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With pandemic emergency set to end, MaineCare members must prove eligibility to keep coverage


With pandemic emergency set to end, MaineCare members must prove eligibility to keep coverage

Feb 02, 2023 | 9:15 am ET
By Dan Neumann
About 20% of Mainers on Medicaid could soon lose their coverage
Protestors demonstrate against proposed cuts to Medicaid and Medicare in San Francisco in 2011. | Justin Sullivan, Getty Images

An estimated 89,000 low-income residents who have had health coverage during the pandemic through MaineCare, the state’s Medicaid program, could begin to lose their coverage this coming spring when the Biden administration ends the public health emergency.

That is because Congress, in an omnibus spending bill passed in December, has initiated the phaseout of a pandemic-era safeguard that allowed enrollees in Medicaid and CHIP, the Children’s Health Insurance Program, to not complete the renewal process to maintain coverage. 

Before the COVID-19 pandemic, Medicaid recipients were required to renew an eligibility application every year. But in March 2020, Congress included a “continuous coverage” rule in the first COVID relief bill that increased funding for the states to allow Medicaid recipients and young people covered by CHIP to continue receiving health coverage even if they lost eligibility due to a salary change or they aged out of the program. 

The continuous coverage rule was to stay in effect as long as a public health emergency was declared.

With President Joe Biden intending to lift the public health emergency in May, Congress set March 31 as the end of the continuous enrollment requirement. Redeterminations of eligibility will start in April and will happen over the next 12 months.

The end of the public health emergency also means that many Americans could have to start paying for COVID-19 testing and treatment.

The phaseout of continuous enrollment will allow states to cull their Medicaid rolls and throw an estimated 5.3 million to 14.2 million enrollees off public health insurance, according to an analysis by the Henry J. Kaiser Family Foundation. The analysis estimates the largest losses will be among adults who got onto the rolls after the Affordable Care Act of 2010 allowed states to expand eligibility to people within 138% of the federal poverty line.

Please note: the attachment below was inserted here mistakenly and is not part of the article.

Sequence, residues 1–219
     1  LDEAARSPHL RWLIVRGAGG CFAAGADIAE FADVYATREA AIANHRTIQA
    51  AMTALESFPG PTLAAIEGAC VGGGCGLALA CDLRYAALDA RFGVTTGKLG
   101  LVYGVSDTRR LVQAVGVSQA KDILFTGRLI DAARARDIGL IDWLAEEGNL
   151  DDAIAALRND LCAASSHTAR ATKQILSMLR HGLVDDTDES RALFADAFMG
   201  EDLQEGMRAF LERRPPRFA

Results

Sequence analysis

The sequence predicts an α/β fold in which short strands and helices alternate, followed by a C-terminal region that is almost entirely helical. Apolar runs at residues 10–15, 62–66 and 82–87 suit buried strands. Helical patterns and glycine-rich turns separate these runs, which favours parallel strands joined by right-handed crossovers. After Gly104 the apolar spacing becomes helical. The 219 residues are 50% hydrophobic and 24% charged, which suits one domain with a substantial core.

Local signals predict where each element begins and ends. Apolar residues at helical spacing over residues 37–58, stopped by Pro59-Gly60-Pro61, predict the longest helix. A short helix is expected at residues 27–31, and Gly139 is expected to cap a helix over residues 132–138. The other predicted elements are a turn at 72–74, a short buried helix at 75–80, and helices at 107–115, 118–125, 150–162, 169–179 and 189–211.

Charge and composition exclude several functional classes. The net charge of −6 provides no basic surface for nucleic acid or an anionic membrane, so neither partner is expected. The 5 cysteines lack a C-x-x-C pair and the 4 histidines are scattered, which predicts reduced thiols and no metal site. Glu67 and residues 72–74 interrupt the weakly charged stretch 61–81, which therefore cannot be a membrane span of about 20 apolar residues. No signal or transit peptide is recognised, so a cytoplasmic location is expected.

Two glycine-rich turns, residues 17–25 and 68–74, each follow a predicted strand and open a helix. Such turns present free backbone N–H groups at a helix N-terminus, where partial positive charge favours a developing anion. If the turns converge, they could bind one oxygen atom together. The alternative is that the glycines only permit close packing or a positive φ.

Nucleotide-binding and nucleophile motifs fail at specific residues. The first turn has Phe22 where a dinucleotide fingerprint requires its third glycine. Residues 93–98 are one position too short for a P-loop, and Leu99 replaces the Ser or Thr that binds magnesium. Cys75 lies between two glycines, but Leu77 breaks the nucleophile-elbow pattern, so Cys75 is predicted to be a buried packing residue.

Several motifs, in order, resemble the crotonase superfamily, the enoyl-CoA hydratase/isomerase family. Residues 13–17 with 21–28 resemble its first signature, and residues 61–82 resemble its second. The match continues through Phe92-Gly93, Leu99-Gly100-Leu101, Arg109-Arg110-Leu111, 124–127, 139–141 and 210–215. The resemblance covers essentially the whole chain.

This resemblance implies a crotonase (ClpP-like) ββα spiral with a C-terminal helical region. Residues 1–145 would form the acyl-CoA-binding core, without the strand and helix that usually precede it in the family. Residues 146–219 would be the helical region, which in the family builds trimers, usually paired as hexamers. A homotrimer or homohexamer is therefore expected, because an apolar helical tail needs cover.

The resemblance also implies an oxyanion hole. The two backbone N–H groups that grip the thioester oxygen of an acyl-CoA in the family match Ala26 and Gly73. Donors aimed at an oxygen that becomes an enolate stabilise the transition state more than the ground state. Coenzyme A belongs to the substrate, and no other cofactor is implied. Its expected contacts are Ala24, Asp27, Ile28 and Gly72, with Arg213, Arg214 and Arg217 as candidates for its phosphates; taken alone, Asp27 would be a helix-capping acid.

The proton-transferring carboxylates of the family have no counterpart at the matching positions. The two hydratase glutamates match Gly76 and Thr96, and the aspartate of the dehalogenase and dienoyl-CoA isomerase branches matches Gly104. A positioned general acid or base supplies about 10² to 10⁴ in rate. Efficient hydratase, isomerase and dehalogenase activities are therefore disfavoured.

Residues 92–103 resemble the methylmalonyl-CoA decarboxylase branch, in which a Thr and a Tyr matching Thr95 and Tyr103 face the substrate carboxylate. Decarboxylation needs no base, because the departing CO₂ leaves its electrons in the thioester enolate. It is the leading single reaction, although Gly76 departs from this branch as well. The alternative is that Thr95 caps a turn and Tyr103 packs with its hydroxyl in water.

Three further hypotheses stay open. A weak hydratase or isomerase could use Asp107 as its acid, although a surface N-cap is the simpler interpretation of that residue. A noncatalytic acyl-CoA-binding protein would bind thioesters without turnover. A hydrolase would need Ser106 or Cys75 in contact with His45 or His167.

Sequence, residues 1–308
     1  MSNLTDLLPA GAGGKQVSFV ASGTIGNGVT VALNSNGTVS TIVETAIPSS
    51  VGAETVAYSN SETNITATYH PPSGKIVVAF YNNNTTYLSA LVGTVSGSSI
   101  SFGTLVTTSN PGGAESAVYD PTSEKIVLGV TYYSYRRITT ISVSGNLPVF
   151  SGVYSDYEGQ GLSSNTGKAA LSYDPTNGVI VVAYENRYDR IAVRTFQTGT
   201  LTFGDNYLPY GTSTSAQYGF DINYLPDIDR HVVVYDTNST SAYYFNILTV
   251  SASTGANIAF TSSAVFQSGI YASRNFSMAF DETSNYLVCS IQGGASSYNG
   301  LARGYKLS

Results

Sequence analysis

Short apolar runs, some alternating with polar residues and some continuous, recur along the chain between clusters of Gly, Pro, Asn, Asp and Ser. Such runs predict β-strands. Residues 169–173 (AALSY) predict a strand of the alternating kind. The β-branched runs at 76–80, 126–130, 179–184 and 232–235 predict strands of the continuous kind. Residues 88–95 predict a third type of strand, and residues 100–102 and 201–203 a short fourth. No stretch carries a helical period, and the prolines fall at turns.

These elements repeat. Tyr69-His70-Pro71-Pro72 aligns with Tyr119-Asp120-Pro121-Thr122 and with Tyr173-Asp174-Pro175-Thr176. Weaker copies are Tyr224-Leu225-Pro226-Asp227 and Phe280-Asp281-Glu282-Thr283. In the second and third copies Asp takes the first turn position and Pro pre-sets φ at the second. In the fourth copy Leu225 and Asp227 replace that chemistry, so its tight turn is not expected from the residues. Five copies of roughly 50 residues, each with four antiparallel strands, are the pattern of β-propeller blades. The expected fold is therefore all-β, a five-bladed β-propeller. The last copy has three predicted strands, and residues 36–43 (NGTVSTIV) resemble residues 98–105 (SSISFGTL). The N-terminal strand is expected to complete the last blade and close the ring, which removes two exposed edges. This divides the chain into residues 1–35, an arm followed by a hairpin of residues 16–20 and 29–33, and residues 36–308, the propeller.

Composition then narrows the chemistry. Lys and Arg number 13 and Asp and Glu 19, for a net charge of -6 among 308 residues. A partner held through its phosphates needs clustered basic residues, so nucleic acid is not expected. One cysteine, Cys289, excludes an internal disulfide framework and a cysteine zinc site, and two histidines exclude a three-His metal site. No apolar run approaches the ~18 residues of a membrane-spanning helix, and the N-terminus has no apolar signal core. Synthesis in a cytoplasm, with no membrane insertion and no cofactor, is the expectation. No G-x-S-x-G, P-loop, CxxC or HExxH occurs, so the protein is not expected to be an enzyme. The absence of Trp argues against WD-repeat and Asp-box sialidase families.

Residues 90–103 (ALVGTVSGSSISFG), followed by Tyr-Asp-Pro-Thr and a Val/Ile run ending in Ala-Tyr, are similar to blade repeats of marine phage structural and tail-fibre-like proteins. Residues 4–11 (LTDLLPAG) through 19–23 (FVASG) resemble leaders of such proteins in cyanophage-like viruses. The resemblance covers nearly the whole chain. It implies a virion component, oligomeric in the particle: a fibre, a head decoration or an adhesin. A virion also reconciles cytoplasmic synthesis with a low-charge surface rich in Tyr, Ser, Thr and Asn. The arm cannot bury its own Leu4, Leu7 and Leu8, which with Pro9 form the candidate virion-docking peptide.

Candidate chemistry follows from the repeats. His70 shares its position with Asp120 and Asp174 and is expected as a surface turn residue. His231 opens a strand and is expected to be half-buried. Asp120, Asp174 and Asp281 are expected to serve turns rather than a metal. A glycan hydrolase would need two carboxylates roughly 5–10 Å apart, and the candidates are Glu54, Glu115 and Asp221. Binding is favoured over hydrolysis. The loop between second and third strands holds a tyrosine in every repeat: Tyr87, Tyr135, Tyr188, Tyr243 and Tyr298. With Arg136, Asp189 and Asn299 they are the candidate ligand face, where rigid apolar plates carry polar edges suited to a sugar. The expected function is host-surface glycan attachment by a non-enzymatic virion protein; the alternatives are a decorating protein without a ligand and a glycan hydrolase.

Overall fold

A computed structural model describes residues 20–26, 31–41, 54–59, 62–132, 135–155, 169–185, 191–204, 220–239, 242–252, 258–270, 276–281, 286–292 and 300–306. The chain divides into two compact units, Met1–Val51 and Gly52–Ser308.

The Urban Institute estimates that Maine could see a loss of 89,000 or 22.5% of the MaineCare and CHIP population during the re-determination process between April 2023 and June 2024.

Maine is one of 14 states expected to be most impacted by the end of the public health emergency. According to the Urban Institute, Arizona, Colorado, Florida, Idaho, Indiana, Maine, Minnesota, Nevada, New Hampshire, North Dakota, Utah, Virginia, Wisconsin and Wyoming are all estimated to see a 20% or more reduction in Medicaid enrollment.

MaineCare enrollment ballooned during the pandemic — in part due to the continuous coverage rule. Voter-approved Medicaid expansion, which began in 2019, and the economic downturn during the pandemic also made more people eligible for public health insurance. In February 2020, 267,482 residents were enrolled in MaineCare. That number climbed to 356,933 by September 2022. 

The continuous coverage safeguard temporarily eliminated a longstanding problem with Medicaid enrollment numbers known as “churn,” where enrollees experience gaps in coverage because of annual renewal requirements. Churn often happens because a person experiences a short-term change in income that results in them being temporarily disenrolled. They must then reapply. 

An analysis found that enrollees who experience fluctuations in coverage are more likely to report difficulties getting medical care and are more likely to end up in the hospital with a preventable condition. Churn also increases administrative costs for the states. It is an example of what experts describe as a “bureaucratic” or “administrative burden,” which by design makes safety net programs difficult for people to access.

There are also problems associated with states restarting annual renewal processes after almost a three-year hiatus, such as administrators not having up-to-date contact information for enrollees. This could result in eligible individuals losing coverage because they did not receive renewal notices, and therefore they may not take action to return necessary paperwork to the state.

Aware of the upcoming coverage cliff, local aid groups say they are working with administrators to make sure Mainers are notified.

“It’s the responsibility of each state, including Maine, to make sure people know when and how to complete their MaineCare redeterminations, but this will need to be a team effort,” said Alex Carter, a policy advocate with Maine Equal Justice, an economic justice organization that helps low-income people access safety net programs.

Carter said Maine Equal Justice and other local organizations are working with the Maine Department of Health and Human Services “to reach MaineCare members so that those who are still eligible don’t lose their coverage and those who are no longer eligible can access coverage through the state-based marketplace.”